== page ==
ANDREA MILLMAN, M.S.N., R.N., C.; PAMELA JONES, M.S.N., R.N., C.S.
To the editor: In the September issue, Allman and colleagues (1) describe a cross-sectional survey of hospitalized patients and factors associated with these patients having a pressure sore in the hospital. They suggest that hypoalbuminemia, fecal incontinence, and fractures may identify patients at greatest risk for pressure sores.
During our 1983 study of 55 hospitalized patients with pressure sores, we also noted hypoalbuminemia (in 27 patients) and fecal incontinence (in 44 patients) as highly prevalent in these patients (2). However, we did not find a high prevalence of fractures. We did note that bed positioning was limited for 53 patients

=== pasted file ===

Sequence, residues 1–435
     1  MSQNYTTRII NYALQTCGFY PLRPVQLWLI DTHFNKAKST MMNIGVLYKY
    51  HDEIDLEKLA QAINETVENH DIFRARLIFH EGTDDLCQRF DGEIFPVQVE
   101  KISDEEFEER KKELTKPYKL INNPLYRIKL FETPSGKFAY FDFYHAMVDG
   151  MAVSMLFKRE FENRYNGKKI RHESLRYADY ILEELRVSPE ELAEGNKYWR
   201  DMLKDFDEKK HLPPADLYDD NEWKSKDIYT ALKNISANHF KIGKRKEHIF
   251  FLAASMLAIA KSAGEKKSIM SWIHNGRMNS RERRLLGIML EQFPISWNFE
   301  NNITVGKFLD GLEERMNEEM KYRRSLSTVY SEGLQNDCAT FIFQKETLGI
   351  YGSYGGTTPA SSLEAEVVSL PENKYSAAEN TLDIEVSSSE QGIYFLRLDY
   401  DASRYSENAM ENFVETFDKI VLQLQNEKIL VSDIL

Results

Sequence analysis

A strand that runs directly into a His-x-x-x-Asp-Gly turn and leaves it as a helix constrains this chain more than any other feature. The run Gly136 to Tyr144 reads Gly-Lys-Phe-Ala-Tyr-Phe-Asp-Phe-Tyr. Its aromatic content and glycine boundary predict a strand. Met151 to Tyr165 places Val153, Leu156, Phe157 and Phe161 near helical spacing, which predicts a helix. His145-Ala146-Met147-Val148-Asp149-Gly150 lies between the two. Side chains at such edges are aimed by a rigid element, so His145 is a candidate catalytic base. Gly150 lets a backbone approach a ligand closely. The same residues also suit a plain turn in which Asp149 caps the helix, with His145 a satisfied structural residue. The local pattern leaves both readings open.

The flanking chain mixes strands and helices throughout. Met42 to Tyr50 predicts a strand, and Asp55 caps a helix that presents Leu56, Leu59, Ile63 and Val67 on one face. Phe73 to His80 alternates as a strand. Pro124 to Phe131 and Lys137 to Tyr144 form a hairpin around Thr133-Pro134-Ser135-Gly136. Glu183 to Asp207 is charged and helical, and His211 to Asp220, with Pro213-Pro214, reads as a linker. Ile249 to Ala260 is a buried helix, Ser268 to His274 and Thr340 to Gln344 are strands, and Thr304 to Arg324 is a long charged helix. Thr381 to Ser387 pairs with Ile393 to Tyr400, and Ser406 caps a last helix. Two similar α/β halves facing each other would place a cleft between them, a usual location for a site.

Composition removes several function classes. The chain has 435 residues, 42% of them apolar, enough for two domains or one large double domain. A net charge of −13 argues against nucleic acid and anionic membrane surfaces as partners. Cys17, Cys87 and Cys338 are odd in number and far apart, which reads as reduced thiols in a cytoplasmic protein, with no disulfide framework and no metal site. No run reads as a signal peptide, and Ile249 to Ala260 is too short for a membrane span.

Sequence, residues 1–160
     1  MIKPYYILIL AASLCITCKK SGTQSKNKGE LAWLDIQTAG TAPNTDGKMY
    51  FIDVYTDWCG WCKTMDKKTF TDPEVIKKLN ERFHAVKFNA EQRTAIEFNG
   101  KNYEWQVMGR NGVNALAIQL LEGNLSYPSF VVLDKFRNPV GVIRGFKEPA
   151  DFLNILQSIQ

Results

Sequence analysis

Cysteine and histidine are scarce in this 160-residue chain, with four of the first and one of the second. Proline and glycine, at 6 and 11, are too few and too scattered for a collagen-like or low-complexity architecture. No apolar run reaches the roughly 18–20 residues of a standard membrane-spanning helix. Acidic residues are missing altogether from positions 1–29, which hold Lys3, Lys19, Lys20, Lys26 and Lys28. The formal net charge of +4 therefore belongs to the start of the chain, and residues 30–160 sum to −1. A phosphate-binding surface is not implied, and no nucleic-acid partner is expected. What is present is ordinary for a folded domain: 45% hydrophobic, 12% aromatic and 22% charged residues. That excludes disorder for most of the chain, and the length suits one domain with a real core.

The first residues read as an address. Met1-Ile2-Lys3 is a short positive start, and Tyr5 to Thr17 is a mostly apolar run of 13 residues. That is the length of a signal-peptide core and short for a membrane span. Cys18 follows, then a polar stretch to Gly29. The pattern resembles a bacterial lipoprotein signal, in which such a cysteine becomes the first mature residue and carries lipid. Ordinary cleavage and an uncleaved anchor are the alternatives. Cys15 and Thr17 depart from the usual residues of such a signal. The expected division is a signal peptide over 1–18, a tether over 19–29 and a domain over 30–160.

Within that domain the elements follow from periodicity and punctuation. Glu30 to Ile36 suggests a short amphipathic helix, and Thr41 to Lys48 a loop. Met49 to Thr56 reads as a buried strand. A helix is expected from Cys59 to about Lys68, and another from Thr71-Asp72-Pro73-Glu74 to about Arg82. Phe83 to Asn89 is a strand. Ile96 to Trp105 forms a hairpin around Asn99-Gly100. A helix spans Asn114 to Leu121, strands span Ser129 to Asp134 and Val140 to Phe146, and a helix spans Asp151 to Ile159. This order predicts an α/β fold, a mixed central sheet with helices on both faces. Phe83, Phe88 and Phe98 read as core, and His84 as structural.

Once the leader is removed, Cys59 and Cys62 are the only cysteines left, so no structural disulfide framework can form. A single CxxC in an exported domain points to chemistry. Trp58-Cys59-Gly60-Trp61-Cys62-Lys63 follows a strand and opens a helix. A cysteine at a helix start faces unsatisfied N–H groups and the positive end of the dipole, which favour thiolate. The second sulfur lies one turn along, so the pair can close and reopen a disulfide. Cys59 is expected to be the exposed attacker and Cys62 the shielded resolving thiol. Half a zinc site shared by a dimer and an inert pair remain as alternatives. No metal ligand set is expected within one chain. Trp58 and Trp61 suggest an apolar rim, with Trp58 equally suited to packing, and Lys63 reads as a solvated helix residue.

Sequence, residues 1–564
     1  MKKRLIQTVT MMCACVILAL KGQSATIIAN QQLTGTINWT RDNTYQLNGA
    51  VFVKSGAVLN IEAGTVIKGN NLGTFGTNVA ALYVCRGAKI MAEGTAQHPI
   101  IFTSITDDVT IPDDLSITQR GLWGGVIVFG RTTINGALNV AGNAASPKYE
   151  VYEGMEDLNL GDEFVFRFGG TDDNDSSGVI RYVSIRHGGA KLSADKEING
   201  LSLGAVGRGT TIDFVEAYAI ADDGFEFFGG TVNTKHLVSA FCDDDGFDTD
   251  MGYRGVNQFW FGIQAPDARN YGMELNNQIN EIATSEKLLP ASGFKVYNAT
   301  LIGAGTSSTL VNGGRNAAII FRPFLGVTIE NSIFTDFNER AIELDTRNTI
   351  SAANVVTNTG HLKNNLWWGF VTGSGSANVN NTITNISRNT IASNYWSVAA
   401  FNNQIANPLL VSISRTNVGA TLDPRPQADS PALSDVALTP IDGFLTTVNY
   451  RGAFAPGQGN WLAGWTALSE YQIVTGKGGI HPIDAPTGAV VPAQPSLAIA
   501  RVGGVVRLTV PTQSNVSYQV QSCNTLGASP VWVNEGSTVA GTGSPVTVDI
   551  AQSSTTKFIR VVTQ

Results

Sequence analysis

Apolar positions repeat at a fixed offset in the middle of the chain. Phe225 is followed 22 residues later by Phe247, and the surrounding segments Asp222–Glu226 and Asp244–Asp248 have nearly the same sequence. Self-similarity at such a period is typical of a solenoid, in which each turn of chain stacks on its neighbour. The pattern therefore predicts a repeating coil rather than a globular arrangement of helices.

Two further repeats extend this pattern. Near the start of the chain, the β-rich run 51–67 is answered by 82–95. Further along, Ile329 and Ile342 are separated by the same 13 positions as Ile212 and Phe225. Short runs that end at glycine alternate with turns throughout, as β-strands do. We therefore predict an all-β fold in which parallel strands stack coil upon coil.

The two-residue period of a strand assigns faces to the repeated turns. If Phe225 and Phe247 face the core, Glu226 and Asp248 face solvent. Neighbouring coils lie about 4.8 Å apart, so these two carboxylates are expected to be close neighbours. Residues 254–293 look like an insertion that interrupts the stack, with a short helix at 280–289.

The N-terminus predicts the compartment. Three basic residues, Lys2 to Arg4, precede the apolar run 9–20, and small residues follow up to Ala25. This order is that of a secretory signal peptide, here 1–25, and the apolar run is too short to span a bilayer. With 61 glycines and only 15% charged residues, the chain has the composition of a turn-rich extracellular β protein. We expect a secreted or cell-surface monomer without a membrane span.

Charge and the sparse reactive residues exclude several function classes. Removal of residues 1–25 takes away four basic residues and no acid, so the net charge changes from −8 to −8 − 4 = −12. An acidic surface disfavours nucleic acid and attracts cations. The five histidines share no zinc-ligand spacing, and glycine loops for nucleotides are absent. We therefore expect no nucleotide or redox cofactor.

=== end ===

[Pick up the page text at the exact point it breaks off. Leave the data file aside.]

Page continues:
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MILLMAN A, JONES P. Pressure Sores in Geriatric Patients. Ann Intern Med. 1987;106:165. doi: 10.7326/0003-4819-106-1-165_1
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Published: Ann Intern Med. 1987;106(1):165.
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Print ISSN: 0003-4819 | Online ISSN: 1539-3704
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